Cardiology Malpractice

A cardiologist is a physician who studies, researches and treats conditions of the heart and blood vessels. They involve themselves with conditions like irregular heartbeats, coronary artery disease or congenital heart defects. A cardiologist can get sued by a patient and their family for medical malpractice. Medical malpractice occurs when there is an act or a failure to act by a cardiologist that falls below the standard of care in the specialty of cardiology that causes injury or death to a patient.

To bring a successful cardiology malpractice case, individual elements are required to be established. First, a duty must be shown when treatment of the patient was undertaken. A breach of that duty is then required to be demonstrated by the cardiologist’s failure to adhere to the standard of care. An injury must then result that’s the direct and proximate result of that breach. Finally, damages must be proved. Without any of these elements, the medical malpractice claim fails.

Issues in cardiology malpractice can be traced to four different danger zones. These danger zones include but aren’t limited to the following circumstances.


Legal issues on a diagnosis can include failure to make a diagnosis, making an incorrect diagnosis or delaying a diagnosis. This is most often seen in the context of myocardial infarction, commonly known as a heart attack. A patient having a heart attack immediately after being given a clean cardiac bill of health can lead to a lawsuit against the cardiologist.

Management of treatment

Maintaining insufficient quality control of therapy, particularly sharing of information when the patient is passed off to another physician can lead to liability issues of the patient’s condition deteriorates. Failure to memorialize test results and make appropriate medical record entries exposes the cardiologist to liability.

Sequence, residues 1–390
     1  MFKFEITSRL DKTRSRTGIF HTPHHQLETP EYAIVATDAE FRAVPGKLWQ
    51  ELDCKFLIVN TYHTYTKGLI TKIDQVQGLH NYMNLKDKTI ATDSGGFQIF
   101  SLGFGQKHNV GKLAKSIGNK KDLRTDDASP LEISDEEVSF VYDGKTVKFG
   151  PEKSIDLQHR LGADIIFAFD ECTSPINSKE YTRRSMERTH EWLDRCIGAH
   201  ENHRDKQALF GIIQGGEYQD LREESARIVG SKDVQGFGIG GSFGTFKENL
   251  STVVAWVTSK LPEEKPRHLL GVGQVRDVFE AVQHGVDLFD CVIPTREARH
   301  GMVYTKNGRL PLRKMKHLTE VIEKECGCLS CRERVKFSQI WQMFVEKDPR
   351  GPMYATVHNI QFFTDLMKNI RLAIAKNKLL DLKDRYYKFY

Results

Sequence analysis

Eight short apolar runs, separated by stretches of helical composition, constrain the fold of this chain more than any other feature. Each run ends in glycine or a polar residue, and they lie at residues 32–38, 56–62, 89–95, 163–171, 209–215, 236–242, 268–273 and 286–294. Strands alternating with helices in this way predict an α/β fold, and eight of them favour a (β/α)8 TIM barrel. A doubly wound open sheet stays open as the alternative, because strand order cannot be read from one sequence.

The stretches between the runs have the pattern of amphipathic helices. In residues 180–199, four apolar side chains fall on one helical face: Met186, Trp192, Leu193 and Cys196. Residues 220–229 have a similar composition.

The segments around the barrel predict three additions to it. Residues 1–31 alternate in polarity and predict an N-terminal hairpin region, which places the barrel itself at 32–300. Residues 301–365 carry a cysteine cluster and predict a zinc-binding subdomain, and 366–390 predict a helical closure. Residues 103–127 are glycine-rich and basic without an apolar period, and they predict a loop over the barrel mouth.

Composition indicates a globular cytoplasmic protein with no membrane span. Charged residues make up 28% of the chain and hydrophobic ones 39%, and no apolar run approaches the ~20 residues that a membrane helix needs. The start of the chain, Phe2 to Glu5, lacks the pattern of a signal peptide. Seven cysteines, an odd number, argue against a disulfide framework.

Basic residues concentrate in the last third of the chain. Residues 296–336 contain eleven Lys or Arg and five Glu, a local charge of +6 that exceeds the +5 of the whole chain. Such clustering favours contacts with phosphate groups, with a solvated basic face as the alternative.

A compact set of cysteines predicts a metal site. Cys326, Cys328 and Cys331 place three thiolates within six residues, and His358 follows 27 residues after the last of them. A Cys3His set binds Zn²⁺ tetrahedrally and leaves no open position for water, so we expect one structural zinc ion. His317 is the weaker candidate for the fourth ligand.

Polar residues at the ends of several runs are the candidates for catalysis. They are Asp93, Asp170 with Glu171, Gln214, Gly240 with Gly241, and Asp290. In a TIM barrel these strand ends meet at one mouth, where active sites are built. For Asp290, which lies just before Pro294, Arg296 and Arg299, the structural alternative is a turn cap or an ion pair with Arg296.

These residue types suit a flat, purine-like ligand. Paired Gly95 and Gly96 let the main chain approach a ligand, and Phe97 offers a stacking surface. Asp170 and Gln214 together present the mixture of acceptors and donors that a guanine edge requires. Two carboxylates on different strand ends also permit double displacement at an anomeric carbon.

Improper performance of a procedure or surgery

Indeed, there are known risks involved in cardiac procedures and surgeries that the cardiologist is aware of. Informed consent requires these risks of complications to be fully disclosed to the patient. If during or after a procedure or surgery a complication is suspected or has arisen, appropriate precautionary measures consistent with the standard of care should be taken. Lawsuits don’t arise from how complications are handled. They result from how complications are mishandled.

Mismanagement of medications

Prescribing anticoagulants increase the risk of a bleeding complication. Warfarin was used as an anticoagulant for 50 years, but it requires periodic monitoring along with dietary changes. If a bleeding complication arose, it was ordinarily controlled by administering vitamin K. It might appear that newer anticoagulants don’t require as much monitoring, and the patient need only take one or two of the new pills a day. With one of the new anticoagulant medications, though, if not properly monitored and a bleeding complication starts, there is no known antidote. The patient can bleed to death.